May, 1775: Battle of Fort Ticonderoga Summary

  • Last updated on November 11, 2022

Control of Fort Ticonderoga on the bank of Lake Champlain was key to troop movements between Canada and New York. Lieutenant Colonel Ethan Allen’s militia, the Green Mountain Boys, already had plans to capture it when Colonel Benedict Arnold, commissioned by the Massachusetts Committee of Safety for the same task, tried to assume command. Allen’s men refused to serve under Arnold, so Allen led the raid with Arnold accompanying as a volunteer.

Control of Fort Ticonderoga on the bank of Lake Champlain was key to troop movements between Canada and New York. Lieutenant Colonel Ethan Allen’s militia, the Green Mountain Boys, already had plans to capture it when Colonel Benedict Arnold, commissioned by the Massachusetts Committee of Safety for the same task, tried to assume command. Allen’s men refused to serve under Arnold, so Allen led the raid with Arnold accompanying as a volunteer.

Benedict Arnold. From an 1879 engraving by H. B. Hall. (National Archives)

Lieutenant Colonel Ethan Allen’s arrest of Captain William Delaplace at Fort Ticonderoga. (National Archives)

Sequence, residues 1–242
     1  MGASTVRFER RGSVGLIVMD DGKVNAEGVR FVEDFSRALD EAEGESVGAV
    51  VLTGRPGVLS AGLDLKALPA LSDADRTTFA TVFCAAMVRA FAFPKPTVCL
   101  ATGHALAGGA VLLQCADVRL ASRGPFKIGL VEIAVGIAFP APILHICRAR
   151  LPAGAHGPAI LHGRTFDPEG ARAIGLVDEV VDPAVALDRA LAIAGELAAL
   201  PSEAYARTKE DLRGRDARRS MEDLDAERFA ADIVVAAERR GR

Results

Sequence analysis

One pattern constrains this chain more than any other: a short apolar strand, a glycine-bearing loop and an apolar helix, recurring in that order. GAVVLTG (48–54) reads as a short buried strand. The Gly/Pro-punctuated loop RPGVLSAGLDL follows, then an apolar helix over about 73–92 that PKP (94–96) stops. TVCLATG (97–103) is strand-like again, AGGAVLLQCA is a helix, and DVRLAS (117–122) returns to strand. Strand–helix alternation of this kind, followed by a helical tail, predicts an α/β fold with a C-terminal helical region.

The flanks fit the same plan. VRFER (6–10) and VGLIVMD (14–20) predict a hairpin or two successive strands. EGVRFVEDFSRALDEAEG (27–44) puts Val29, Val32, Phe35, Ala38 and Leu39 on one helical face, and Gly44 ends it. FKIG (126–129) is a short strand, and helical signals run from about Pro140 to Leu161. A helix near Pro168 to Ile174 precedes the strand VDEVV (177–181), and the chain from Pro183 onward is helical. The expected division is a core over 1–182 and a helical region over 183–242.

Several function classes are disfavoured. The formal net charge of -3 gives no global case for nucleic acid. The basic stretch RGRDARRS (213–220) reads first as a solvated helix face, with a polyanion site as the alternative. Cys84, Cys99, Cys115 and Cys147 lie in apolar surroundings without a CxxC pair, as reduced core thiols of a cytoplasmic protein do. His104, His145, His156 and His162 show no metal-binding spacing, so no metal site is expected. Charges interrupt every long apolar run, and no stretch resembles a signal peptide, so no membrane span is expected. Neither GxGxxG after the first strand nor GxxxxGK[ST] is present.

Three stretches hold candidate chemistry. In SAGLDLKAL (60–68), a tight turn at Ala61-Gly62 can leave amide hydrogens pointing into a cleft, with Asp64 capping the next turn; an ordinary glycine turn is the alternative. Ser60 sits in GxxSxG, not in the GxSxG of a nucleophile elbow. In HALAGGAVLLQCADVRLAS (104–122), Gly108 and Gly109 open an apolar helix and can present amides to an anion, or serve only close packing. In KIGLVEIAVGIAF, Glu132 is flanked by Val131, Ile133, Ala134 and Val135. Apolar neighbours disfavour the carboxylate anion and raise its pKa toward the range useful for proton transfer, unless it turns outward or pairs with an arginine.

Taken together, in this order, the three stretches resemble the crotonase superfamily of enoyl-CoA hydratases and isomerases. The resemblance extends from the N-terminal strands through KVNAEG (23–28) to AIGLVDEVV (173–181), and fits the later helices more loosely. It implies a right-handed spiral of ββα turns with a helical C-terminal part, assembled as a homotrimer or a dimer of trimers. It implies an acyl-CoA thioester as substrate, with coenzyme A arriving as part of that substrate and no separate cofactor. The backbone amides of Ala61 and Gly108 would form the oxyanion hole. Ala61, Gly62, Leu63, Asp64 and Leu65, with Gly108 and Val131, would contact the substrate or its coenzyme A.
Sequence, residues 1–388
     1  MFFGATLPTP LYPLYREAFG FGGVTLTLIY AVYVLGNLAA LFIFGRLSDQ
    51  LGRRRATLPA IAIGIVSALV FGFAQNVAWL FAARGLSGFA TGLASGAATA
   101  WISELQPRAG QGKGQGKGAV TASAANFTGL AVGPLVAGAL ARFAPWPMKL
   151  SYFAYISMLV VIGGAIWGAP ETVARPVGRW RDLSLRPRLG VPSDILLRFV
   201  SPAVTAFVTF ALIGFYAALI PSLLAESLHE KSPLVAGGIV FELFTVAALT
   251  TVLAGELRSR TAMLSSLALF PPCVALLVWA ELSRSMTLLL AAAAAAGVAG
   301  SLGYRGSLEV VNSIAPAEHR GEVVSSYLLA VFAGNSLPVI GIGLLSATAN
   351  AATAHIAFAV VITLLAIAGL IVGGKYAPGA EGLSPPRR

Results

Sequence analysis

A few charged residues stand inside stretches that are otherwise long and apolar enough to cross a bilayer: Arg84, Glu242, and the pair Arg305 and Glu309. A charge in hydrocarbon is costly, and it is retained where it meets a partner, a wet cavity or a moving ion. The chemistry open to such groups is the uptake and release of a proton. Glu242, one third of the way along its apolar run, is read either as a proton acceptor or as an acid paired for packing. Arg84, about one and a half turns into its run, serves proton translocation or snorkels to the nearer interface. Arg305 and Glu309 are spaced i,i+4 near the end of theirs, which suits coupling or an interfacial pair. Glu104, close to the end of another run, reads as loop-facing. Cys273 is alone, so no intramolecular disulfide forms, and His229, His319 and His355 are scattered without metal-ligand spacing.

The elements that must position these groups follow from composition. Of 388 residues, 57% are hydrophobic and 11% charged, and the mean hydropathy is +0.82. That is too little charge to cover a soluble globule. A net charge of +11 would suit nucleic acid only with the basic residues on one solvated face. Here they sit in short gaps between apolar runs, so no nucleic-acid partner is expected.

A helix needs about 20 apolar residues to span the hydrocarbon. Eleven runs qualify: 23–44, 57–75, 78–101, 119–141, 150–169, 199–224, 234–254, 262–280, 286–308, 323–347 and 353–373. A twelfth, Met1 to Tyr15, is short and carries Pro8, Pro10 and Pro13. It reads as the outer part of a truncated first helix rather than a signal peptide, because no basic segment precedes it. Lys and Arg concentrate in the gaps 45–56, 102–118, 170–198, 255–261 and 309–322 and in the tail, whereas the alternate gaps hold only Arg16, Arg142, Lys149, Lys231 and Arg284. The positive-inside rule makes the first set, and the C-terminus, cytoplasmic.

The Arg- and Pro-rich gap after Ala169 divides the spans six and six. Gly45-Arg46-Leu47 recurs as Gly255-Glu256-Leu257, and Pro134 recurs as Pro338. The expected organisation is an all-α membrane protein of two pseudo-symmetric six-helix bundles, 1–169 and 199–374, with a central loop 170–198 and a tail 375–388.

Before dawn on May 10, Allen and Arnold crossed Lake Champlain with 83 men, surprised the lone sentry, and entered the open gate. Allen woke Captain William Delaplace and forced him at swordpoint to surrender his sleeping garrison, a 42-man company of the Twenty-sixth Regiment of Foot (Cameronians). When Lieutenant Colonel Seth Warner arrived with the rest of the men, Allen detached them to take Fort Crown Point, eight miles north of Fort Ticonderoga. Warner accomplished this easily on May 11 against a single Cameronian squad: one sergeant and eight privates.

After the Battle of Bunker Hill (June, 1775), the Americans were desperate for cannons. Under General George Washington’s orders, Colonel Henry Knox brought 30 of the 100 cannons captured at Ticonderoga, 29 of the 114 captured at Crown Point, and about 120,000 pounds of ordnance by sled to eastern Massachusetts. This artillery, mounted on Dorchester Heights, forced General Sir William Howe to abandon Boston (March 17, 1776).

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